- Highly visual - tests what your users see, not what their computers see

- You can also execute them with our Tester Community

Limitations:

- Web-only at the moment (no mobile support)

- When run by automation, tests can only be run against the browser they were written for, as the small changes in rendering between different browsers can cause automation tests to fail

- Can be difficult for complex tests that involve dynamic UIs

Best Suited for:
- Scaling costs - any subset of tests that's run very frequently it makes sense to automate (smoke tests, tests run as part of CI)
- Tests that cover stable features

When would I want to run Automation tests against the Tester Community?

- When you want to run the test against browsers *other* than the one the test was written against

- At times when human feedback is important to you

Plain English Tests executed by our Tester Community:

Strengths:

- written in free-form natural language

- mobile web and native mobile app testing supported (as well as web)

- tests are browser-agnostic; can run a test against any (or multiple) browsers or mobile device combinations at once

- can cover extremely complex test cases - tests that require human judgment, or contain dynamic data / cover dynamic UIs

Limitations:

- Slightly slower and more expensive to run than Automation tests, as humans are involved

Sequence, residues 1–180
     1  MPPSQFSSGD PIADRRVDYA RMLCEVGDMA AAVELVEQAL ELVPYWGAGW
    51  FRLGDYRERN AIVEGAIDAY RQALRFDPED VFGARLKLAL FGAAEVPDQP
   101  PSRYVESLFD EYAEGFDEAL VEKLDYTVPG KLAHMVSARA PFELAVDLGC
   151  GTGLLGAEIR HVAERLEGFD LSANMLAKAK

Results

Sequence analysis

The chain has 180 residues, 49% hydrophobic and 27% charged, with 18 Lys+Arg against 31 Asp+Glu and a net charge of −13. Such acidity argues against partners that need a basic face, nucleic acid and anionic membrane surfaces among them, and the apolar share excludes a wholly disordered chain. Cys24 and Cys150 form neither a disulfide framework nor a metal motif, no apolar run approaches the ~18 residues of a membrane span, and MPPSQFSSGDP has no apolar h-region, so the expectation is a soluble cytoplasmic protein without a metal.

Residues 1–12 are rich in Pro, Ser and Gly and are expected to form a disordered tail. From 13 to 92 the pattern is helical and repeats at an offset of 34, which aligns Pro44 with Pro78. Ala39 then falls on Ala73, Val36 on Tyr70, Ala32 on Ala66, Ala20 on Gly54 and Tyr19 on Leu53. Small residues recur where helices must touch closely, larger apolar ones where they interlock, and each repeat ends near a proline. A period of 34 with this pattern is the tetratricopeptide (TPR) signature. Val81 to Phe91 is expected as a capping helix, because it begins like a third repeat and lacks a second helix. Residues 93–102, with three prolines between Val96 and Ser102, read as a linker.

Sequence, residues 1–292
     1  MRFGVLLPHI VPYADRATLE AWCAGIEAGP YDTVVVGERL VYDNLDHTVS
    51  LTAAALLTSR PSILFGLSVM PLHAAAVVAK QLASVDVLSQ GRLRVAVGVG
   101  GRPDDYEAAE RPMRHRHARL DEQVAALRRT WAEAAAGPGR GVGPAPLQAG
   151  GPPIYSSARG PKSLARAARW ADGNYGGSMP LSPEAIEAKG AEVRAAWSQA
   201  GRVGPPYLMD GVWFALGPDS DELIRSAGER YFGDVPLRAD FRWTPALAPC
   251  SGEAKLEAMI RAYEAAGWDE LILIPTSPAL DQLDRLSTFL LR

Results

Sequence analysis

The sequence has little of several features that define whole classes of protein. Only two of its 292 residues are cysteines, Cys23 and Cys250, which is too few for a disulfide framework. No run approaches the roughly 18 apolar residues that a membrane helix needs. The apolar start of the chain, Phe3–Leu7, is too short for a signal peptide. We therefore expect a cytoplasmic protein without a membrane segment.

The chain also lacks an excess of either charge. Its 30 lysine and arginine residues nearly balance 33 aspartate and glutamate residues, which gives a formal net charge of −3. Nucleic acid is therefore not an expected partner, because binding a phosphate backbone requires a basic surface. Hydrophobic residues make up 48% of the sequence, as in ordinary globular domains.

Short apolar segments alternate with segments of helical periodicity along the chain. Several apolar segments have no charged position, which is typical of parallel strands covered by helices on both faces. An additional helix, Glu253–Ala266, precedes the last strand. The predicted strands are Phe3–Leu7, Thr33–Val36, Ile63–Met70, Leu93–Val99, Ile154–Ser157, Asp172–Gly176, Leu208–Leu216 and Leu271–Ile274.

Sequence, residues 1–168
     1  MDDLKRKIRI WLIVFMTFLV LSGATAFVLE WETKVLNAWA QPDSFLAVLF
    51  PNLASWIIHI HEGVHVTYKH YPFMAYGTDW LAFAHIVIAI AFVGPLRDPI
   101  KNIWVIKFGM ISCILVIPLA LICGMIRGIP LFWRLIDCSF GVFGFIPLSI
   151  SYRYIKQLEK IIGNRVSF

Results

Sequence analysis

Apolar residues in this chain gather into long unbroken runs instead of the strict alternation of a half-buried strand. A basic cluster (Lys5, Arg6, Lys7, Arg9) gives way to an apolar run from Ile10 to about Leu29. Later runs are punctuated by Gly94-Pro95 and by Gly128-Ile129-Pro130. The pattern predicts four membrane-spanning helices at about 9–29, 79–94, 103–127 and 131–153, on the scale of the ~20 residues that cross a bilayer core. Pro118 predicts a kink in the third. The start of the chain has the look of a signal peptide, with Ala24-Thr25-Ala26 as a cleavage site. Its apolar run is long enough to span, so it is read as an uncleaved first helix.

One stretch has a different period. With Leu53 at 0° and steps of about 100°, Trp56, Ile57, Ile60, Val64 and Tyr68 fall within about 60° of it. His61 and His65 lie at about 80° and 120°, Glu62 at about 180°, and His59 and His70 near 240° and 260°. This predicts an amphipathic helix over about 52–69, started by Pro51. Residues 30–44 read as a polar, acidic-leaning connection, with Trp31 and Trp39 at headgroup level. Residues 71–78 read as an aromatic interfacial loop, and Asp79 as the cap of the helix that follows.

Best suited for:

- tests that require human judgment or human interpretation

- tests that cover unstable features or areas of your application that change frequently

In summary:

Plain English

Tests are fast to write, fast to maintain, and less brittle than automation. Plain English tests run against our Tester Community are ideal for helping you scale the kind of testing that requires human judgment or validation (i.e. "does this look like a dog?" "does the formatting of the page look right?")

Tests that must be intentionally vague, free-form, or require a level of human judgment or interpretation should be written in Plain English, and run against our tester crowd. Unstable features or areas of your application where the UI frequently changes are also a good fit for Plain English, as the testers can be more flexible in their interpretation of a test than an automation bot can.

Rainforest Automation

Tests are fast and cheap to run, and relatively quick to write and maintain, but can be more brittle than Plain English tests run by the Tester Community. This is not unique to Rainforest Automation - any test automation will be more brittle than human testing, as tests must be written with a level of specificity and detail.

Automation is a good fit for web-only tests that you plan to run very often (smoke tests or tests that run as part of your CI process) against a single browser, as you'll benefit from the quick and cheap execution. When a layer of human review is important to you, you can run your Automation tests against our human tester crowd as well, across multiple browsers.

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Write a test in each language to get a feel for the differences yourself!